A 55-year-old-female was admitted with exertional dyspnea (World Health Organization functional class [WHO-FC] III/IV). Clinical evaluation revealed increased N-terminal-pro--brain-type natriuretic peptide (NT-proBNP, 3994 pg/ml) and reduced the six-minute walk test (6MWT, 330 meters). Echocardiography showed enlargement of the right atrium (area, 26.4 cm2) and right ventricle (RV, 54 mm) with high-velocity tricuspid regurgitation (4.7 m/s), pulmonary artery (PA) dilatation (80 mm), elevated estimated RV systolic pressure (96 mm Hg) and mean pulmonary arterial pressure (mPAP, 56 mm Hg). Electrocardiogram indicated RV hypertrophy and overload (Supplementary material, Figure S1). Magnetic resonance imaging ruled out congenital heart defects. The right heart catheterization (the thermodilution method) indicated: mPAP of 58 mm Hg, PA wedge pressure of 12 mm Hg, pulmonary vascular resistance (PVR) of 10.8 Wood units (Wu), and cardiac index of 2.6 l/min × m2. The patient’s pulmonary angiography (Axiom Artis Zee, Siemens, Germany) and computed tomography scan (LightSpeed VCT 64 scanner GE, Chicago, IL, US) revealed a large main PA aneurysm (PAA, 86 mm), along with right and left PAAs (69 mm), and multiple organized thromboembolic lesions in lobar and segmental arteries, which allowed the diagnosis of chronic thromboembolic pulmonary hypertension (CTEPH) (Figure 1A–D). Coronary angiography demonstrated severe left main coronary artery (LMCA) stenosis due to compression by PAA, confirmed by intravascular ultrasound (IVUS, Eagle Eye Platinum, Philips, Netherlands) (Figure 1E, Supplementary material, Video S1).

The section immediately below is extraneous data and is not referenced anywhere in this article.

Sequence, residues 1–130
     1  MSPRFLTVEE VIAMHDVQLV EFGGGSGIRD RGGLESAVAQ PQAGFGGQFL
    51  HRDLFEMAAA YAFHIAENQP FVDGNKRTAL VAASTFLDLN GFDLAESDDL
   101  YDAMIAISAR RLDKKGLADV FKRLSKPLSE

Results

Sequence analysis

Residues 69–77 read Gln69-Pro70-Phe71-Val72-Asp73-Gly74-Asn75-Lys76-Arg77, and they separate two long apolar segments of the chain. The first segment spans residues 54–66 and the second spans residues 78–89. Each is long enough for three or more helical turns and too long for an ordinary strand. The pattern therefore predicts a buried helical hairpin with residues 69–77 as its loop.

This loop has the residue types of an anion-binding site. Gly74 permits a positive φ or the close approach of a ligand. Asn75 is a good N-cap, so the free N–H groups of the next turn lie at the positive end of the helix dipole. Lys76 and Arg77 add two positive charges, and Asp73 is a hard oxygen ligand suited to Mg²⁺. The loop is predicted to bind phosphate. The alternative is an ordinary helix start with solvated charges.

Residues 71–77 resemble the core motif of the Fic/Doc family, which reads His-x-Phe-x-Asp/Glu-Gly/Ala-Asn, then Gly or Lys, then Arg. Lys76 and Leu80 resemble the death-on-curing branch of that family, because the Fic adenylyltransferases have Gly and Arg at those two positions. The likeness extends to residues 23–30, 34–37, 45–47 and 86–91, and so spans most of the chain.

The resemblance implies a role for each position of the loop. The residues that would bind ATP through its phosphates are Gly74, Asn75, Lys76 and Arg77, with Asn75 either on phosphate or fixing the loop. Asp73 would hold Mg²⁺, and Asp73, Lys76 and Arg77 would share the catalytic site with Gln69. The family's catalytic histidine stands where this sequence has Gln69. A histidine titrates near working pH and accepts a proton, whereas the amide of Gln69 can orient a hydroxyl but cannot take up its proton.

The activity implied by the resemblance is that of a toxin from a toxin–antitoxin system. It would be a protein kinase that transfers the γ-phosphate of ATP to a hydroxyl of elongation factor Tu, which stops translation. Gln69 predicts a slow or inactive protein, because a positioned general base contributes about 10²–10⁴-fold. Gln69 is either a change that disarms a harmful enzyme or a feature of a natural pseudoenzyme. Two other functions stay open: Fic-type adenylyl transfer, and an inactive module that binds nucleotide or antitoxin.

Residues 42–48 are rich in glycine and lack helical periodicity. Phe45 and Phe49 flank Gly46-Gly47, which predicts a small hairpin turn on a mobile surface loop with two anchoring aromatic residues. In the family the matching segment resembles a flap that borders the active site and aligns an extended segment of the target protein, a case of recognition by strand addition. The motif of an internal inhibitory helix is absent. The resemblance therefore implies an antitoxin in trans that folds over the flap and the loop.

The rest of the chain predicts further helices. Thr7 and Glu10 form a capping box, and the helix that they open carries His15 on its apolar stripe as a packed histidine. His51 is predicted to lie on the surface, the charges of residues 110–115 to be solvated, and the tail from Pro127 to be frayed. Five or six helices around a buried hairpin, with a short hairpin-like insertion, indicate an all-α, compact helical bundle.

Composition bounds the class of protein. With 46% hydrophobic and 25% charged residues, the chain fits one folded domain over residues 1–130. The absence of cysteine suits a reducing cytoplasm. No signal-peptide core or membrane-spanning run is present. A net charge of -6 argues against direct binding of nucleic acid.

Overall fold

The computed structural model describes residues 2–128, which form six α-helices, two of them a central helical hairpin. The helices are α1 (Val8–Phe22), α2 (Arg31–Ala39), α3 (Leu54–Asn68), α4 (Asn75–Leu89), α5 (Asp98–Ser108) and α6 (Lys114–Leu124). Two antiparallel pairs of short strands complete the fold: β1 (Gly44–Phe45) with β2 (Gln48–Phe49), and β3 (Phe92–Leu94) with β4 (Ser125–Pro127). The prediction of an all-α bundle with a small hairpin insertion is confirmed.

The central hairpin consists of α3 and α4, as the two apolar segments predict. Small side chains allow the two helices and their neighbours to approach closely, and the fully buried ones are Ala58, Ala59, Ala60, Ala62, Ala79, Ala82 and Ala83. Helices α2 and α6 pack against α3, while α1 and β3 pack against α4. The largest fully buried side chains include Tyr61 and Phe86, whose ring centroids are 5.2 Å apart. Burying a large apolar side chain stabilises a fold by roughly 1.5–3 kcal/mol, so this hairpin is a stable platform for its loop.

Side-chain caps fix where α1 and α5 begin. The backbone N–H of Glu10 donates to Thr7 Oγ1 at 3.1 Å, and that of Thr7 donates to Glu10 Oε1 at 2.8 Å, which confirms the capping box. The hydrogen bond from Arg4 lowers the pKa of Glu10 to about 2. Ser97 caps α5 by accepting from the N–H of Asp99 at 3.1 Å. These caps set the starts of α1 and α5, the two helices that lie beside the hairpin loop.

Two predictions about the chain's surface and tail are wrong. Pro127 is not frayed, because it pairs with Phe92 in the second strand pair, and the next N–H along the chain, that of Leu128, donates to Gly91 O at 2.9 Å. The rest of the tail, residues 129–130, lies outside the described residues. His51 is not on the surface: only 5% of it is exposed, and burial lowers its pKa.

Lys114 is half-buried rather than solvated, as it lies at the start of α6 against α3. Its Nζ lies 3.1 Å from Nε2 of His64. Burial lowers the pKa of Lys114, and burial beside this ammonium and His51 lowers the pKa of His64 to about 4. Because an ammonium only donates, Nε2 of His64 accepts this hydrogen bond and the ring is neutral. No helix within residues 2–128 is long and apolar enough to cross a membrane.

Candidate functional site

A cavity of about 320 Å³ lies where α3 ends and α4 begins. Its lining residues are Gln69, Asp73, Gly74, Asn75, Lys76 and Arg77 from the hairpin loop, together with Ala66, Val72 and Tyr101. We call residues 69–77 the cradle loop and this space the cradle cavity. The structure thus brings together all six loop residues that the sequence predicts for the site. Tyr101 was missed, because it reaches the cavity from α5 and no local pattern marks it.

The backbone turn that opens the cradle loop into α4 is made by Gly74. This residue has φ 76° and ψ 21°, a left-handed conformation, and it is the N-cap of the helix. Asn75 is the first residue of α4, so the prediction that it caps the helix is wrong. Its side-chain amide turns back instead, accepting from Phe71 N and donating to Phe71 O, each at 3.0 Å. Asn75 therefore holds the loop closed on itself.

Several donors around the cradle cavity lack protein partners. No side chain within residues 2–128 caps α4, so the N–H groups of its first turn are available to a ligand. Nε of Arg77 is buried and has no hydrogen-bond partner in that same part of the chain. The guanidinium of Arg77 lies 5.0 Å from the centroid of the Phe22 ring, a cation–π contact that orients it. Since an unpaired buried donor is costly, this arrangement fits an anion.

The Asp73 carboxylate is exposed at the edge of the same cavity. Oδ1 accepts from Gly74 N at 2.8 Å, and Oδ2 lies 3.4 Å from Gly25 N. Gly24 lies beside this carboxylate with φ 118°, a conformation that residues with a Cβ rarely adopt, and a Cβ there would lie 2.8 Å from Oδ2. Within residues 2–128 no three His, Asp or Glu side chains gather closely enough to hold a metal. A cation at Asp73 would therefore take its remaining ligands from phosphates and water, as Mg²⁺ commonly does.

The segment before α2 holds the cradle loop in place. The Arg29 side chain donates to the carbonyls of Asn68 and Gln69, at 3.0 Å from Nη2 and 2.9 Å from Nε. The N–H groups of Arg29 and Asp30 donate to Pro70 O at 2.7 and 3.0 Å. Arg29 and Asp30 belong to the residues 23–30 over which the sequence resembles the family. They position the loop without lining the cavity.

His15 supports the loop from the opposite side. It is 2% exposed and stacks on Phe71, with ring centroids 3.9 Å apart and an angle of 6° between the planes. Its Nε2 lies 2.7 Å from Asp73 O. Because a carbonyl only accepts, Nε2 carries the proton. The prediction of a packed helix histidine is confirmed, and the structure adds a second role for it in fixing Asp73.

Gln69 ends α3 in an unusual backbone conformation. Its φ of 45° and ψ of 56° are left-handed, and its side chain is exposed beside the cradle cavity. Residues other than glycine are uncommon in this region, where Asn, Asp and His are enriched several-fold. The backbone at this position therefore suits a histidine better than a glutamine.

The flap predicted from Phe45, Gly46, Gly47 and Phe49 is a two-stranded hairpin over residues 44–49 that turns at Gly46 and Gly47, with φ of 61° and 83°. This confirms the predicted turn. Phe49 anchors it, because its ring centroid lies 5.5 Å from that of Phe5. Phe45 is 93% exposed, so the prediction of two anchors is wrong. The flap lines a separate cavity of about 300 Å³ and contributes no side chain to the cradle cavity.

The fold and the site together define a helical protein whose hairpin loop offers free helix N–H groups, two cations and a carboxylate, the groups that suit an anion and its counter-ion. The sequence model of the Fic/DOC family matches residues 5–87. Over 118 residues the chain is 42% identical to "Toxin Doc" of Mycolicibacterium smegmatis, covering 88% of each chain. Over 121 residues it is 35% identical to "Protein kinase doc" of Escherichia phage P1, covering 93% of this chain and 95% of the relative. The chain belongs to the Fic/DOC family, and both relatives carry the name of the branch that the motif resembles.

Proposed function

The case was carefully analyzed by the multidisciplinary CTEPH team, and the patient was not qualified for endarterectomy with PA reconstruction due to high risk. The combined pulmonary vasodilators, along with LMCA percutaneous intervention (PCI), were offered for the patient as bridging therapy before lung transplantation (LTx). PCI was performed and the LMCA ostium was expanded with a 4.0 mm × 28 mm drug-eluting stent (Synergy MegatronTM, Boston Scientific, Marlborough, MA, US) and post-dilated with a 5.0 mm × 15 mm balloon (Pantera Pro, Biotronik, Berlin, Germany). The final angiogram and IVUS showed good stent expansion with relief of LMCA extrinsic compression (Figure 1F, Supplementary material, Video S2). The combined specific treatment was also subsequently introduced. The patient was started on oral riociguat titrated from 3 mg to 7.5 mg daily, along with a continuous subcutaneous infusion of treprostinil titrated to the maximum tolerated dosage (30 ng/kg/min).
A six-month follow-up examination demonstrated a significant reduction of mPAP (47 mm Hg) and PVR (6.25 Wu) without PAA diameter progression. The patient improved to II/III WHO-FC with a 390 m distance at 6MWT and NT-proBNP of 1007 pg/ml.
We describe a rare case of CTEPH-related PAA causing LMCA compression. In CTEPH, PAA seems to be associated with mural thickening, webs, or intramural calcified thrombi . PAA may lead to life-threatening complications, including PAA dissection or acute coronary syndrome [2, 3]. To date, the optimal treatment of PAA has not been established. There are no criteria indicating urgent reconstructive surgery or waiting for LTx, especially in asymptomatic patients [1, 3]. In the case of LMCA, the accumulated experience suggests stenting might be a first-choice strategy [3, 4]. Recently, treprostinil was proven to increase the exercise capacity in CTEPH . In the presented case, LMCA stenting and pulmonary vasodilators led to the improvement of the patient’s hemodynamic status.
Supplementary material is available at https://journals.viamedica.pl/kardiologia_polska.
Conflict of interest: None declared.
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